Later that day, after his car had come limping in, Foyt went to his equipment truck in the infield and quickly changed into a fresh shirt, fresh jeans, fresh mood and expensive handmade cowboy boots of what appeared to be anteater hide. He emerged with a grin, popped open a can of Pepsi, slid behind the wheel of Gilmore's grape-colored Cadillac sedan and allowed that, well, possibly the penalty had caused the valve stem to go bad. But what the hell, that was racin', right? And then he flashed the smile at everybody and drove off, paying absolutely no attention to the race still going on around him.
And now, back in Houston on this bright, historic morning—the Day A.J. Revealed His Mellow Side—he volunteers, for the first time anywhere, how he came to be a millionaire. "All I ever wanted to do was race," he says. "Jump in the car and run that sumbitch, and do it better'n anybody else. Well, along came 1960 and I won my first national title in championship cars, and I said to myself, 'Well, hell, this here is it; I'll never ever again make this much money in one year in my life.' " But then came the really good years, adorned with more national titles and the four Indy victories, and as Bill Ansted, one of Foyt's early sponsors, noted dryly, "A.J. may not have had much education, but he certainly knows how to read a contract." And suddenly Foyt, who had been poor all his life—"just walking along there with a race helmet under one arm"—was a millionaire. In fact, until three years ago, he confesses, he lived solely on his income from stock-car and midget racing and invested all the rest. That's like Reggie Jackson living on the royalties from his candy bar and socking away everything else.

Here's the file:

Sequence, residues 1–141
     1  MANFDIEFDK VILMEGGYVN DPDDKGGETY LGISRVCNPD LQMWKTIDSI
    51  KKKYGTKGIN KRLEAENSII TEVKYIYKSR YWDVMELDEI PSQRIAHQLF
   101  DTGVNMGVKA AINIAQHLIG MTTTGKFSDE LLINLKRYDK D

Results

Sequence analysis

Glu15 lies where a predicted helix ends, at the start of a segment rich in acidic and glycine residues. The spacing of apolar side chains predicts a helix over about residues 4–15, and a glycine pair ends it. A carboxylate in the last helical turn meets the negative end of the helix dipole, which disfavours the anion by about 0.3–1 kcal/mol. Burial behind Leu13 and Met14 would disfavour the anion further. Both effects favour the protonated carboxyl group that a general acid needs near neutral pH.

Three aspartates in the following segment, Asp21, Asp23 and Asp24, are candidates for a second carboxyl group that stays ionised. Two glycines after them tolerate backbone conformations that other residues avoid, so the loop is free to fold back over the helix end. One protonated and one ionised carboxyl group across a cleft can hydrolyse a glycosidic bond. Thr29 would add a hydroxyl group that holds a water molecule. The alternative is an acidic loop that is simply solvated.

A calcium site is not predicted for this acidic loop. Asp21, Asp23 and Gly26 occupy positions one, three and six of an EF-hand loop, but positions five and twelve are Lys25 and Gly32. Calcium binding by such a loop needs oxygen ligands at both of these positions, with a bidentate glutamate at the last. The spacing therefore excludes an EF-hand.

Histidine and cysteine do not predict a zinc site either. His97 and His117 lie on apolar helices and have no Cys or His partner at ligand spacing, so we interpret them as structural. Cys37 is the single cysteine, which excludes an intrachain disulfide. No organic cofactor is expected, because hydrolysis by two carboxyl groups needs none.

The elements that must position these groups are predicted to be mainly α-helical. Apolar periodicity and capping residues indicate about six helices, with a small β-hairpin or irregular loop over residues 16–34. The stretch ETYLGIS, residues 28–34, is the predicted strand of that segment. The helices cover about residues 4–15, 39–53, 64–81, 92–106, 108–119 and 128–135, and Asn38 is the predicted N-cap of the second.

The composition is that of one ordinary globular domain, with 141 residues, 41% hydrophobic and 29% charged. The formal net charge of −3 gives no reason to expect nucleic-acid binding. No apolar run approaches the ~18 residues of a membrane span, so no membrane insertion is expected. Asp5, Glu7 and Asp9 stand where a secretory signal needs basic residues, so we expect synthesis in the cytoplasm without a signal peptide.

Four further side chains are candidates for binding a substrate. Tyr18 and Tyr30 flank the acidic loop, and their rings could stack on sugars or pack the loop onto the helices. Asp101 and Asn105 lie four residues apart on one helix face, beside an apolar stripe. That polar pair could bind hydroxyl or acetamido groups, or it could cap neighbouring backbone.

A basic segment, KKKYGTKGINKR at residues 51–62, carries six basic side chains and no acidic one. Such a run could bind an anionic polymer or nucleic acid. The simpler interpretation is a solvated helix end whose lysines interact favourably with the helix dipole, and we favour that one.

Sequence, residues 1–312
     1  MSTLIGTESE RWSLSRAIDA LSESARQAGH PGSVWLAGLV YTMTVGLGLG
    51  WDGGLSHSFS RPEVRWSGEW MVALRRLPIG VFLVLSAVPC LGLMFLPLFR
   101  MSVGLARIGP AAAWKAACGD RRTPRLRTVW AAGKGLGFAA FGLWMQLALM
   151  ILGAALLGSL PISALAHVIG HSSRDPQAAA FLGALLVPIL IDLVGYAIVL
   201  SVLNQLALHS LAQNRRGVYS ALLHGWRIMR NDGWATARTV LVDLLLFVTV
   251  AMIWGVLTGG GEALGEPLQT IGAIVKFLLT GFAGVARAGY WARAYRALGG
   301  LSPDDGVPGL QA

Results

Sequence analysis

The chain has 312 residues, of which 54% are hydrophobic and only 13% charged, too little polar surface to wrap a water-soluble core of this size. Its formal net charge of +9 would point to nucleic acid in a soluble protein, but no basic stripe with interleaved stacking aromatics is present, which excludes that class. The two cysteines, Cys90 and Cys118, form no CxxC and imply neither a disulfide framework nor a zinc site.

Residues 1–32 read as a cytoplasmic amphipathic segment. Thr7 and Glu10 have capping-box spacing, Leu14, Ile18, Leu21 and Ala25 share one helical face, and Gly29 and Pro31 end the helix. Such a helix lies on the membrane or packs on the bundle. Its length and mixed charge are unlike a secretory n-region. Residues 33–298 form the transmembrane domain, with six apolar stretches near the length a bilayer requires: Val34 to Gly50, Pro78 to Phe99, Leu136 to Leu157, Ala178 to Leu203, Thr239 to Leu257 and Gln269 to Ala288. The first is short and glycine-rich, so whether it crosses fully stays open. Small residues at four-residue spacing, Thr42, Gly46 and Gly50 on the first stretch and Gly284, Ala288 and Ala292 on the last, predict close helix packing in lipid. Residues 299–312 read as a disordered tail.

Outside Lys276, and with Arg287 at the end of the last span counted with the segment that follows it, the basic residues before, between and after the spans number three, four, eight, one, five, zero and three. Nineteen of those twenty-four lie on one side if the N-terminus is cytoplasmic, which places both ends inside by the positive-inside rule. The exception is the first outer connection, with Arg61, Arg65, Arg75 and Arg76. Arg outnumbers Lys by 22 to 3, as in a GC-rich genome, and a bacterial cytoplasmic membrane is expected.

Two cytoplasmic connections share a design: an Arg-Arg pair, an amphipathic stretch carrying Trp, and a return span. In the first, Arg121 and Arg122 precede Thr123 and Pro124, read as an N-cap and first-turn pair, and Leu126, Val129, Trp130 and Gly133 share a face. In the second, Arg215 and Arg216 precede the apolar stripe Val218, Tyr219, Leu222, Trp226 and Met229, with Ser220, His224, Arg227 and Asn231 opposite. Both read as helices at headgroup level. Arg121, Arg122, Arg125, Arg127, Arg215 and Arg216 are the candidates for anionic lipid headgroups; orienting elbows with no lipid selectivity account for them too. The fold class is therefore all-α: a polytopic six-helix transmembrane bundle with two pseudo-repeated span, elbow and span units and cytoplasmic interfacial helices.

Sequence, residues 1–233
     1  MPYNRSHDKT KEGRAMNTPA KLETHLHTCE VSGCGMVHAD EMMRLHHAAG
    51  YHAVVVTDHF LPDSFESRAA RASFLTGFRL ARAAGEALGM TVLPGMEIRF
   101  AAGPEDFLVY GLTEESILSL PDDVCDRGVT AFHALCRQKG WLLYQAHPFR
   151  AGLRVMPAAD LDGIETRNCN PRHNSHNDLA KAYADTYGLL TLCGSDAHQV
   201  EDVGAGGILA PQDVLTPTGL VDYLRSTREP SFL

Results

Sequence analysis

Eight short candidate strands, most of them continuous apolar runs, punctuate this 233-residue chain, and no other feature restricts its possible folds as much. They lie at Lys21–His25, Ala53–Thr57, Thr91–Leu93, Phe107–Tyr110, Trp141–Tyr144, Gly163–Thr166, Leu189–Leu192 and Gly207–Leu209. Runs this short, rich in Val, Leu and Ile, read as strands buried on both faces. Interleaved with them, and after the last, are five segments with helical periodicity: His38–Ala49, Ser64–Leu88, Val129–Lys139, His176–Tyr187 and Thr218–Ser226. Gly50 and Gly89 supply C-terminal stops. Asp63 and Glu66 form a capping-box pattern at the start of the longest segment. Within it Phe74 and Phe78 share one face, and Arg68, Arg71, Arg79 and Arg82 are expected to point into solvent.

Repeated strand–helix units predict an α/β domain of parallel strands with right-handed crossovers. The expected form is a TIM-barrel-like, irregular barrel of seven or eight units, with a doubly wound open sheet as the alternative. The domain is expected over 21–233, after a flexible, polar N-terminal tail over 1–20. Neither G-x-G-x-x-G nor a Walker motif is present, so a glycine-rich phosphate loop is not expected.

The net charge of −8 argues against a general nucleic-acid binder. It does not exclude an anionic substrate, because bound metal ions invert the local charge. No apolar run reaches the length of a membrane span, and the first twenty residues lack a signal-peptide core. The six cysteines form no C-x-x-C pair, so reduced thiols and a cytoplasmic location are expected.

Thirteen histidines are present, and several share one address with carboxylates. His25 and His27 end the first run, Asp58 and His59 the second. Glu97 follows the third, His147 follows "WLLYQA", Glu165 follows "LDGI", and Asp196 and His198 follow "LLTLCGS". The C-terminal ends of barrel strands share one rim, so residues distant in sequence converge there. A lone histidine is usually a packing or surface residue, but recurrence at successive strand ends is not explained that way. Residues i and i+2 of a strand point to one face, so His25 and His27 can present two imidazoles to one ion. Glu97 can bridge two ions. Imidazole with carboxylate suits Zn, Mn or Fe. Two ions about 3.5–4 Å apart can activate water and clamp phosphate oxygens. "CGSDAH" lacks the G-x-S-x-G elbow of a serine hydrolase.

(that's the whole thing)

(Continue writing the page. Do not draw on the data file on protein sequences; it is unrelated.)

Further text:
In 1971 Foyt bought a Chevrolet agency in Houston and has since built it into one of the largest in the region—5,000 new car sales a year. And typically, though he's the owner, he has never cashed a salary check from the place. On the side, as time permits, Foyt serves on the board of directors of Houston's Greenway Bank and SCI (Service Corp. International), the country's largest funeral service outfit, and he owns a piece of the Houston Astros. Not bad for a kid who dropped out in the 11th grade. And now the money—in cash, not credit—goes into horse racing. He grins at that thought. "Well," he says, "I mean, you ain't never seen a Brinks truck following a funeral procession to dump the money into the grave, have you? Well then."